May 12, 2022 / Advisers of Note

Yearbook Advisers of Note: Meet Jason Davis

Written by Jim Jordan

Jason Davis has had quite the journey. He grew up in Minnesota, but now lives in Arizona. His first job was as a fry cook in his family’s restaurant, then as a professional journalist, and now is a teacher. He had no yearbook experience when he started advising, but how has one of the best middle school/junior high yearbook programs in the country.

You can read about his journey below. For even more, check out his interview on the latest episode of Yearbook Chat with Jim.


Jason Davis

Cactus Canyon Junior High School

High school attended? Minnewaska Area High School (it’s officially in Glenwood, Minnesota, but I am from Starbuck, Minnesota)

College attended? St. Cloud State University in St. Cloud, Minnesota

Did you participate in journalism in high school? I didn’t participate in high school, but I’ve always loved to read newspapers. I played multiple sports and worked two jobs in high school, so I guess I thought I was too busy. I’m sure I would have enjoyed it.

Did you participate in journalism in college? I worked at the University Chronicle in college. My first year I was a general reporter, but in my second year I was on the women’s basketball beat.

Were you ever a professional journalist? I worked at the St. Cloud Times during college and covered high school sports. I was the kid in the press box that looked younger than most of the players on the field. I worked in other departments during the summer. I later worked at the Apache Junction Independent doing a little bit of everything.

What jobs did you hold after college before you became a teacher and a yearbook adviser? When I moved to Arizona, I was the office manager at a nonprofit called Easter Seals for a few years before I worked at the Independent.

Davis helping a student at her computer. Size of your book: 8

Number of pages in your book in 2022: 112

Indesign or Online Design? We use Yearbook 360/Online Design

Delivery: Spring

Student Population: About 550

Number of book sold in 2021: 200

Awards for 2019, 2020 or 2021 books: 

2019 – Pacemaker Finalist, Silver Crown

2020 – Pacemaker, Silver Crown

2021 – Pacemaker Finalist, Silver Crown

All three books earned CSPA Gold Medalist and NSPA All-American rating.

Number of books you have advised at Cactus Canyon, including the 2022 book? 13

Other schools you have taught and/or advised at? Cactus Canyon is the only place I’ve ever taught, although it was called Desert Shadows Middle School for my first four years.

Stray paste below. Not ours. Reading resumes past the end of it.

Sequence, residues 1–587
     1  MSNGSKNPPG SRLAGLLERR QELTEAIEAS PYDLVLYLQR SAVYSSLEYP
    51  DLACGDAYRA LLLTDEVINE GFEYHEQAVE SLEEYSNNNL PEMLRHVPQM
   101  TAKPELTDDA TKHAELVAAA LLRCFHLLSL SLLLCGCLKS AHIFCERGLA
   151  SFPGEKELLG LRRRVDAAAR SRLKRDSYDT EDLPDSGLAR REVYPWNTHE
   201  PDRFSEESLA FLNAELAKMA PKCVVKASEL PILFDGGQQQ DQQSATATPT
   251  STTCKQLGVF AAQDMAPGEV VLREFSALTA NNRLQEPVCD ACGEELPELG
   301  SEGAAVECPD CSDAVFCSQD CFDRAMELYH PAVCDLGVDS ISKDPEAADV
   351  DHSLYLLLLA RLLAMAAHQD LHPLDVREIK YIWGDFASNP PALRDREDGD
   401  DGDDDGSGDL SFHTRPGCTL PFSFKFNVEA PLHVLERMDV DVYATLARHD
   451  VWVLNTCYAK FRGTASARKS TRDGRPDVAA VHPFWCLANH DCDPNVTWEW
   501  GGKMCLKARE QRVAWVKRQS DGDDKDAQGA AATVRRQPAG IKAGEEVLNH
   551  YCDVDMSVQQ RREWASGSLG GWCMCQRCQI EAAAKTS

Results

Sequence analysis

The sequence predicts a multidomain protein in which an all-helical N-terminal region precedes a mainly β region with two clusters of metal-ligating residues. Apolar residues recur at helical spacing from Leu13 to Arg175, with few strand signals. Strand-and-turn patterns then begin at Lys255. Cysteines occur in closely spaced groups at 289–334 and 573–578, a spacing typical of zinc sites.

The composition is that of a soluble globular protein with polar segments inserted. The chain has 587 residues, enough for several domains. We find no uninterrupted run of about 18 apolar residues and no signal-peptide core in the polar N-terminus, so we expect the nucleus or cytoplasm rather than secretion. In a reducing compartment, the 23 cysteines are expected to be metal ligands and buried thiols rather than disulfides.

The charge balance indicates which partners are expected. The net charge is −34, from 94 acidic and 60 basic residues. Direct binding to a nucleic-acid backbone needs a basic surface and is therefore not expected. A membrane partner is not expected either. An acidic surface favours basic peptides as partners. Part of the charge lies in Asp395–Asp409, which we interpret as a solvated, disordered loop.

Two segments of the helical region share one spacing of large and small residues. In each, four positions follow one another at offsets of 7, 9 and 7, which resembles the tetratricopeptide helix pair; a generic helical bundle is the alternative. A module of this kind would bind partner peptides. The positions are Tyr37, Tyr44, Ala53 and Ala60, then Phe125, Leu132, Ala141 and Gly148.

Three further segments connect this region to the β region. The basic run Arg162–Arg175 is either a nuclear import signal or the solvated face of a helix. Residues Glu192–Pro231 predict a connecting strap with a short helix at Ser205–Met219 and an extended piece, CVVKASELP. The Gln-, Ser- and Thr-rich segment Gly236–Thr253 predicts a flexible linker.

Other classes you teach at Cactus Canyon: I have two sections of Journalism 1 and two sections of Computer Science, which teaches Python coding. (I’ve had to teach myself so I can teach the kids.)

Other publications you advise: None right now, but we used to have an online newspaper that won two Gold and two Silver Crowns.


How and why did you decide to go into teaching?

Teaching was always something that interested me. I was about 26 when I finally decided to give it a try.

What were the circumstances around you becoming an adviser?

I started a newspaper club in my second year and we printed an actual newspaper. After two years of the club, I asked if I could have it as a class and they told me I could only do that if I also took on the yearbook. The newspaper was my main focus for several years, but I gradually fell in love with yearbook.

What was the most difficult part of your first year advising?

I literally knew nothing about yearbook. I didn’t know the vocabulary, the software, or how to get what I needed from pretty much anyone. It felt impossible.

What made you want to come back for year two?

Mostly, I wanted to keep the newspaper going, but I figured yearbook would be a little easier once I’d done it for a year. I don’t think I was right about that; it eventually got easier, but it wasn’t in year two.

What advice would you give to a first-year adviser?

Get all the training you can and find people that can help. It took me a long time to learn what goes into making a good yearbook and I wish I’d known sooner. At the same time, go at your own pace. As you build your program, celebrate every success and treat it like the big deal that it is, rather than a step to something bigger.

What were some of the factors that have led your success as an adviser over the years?

First and foremost, it’s building relationships with the kids. They are the ones that do the work and they choose to do it. There are much easier electives, so I try to remind them often that I appreciate them. I’m not great at saying it, so usually, it’s with snacks.

My journalism background has also helped a lot. It gave even our earliest books a strong foundation, even if they weren’t award-winning. Once I realized how cool the yearbook world really was, I dove in headfirst. I learned everything I could as fast as I could and having that background gave me a head start on learning the ropes.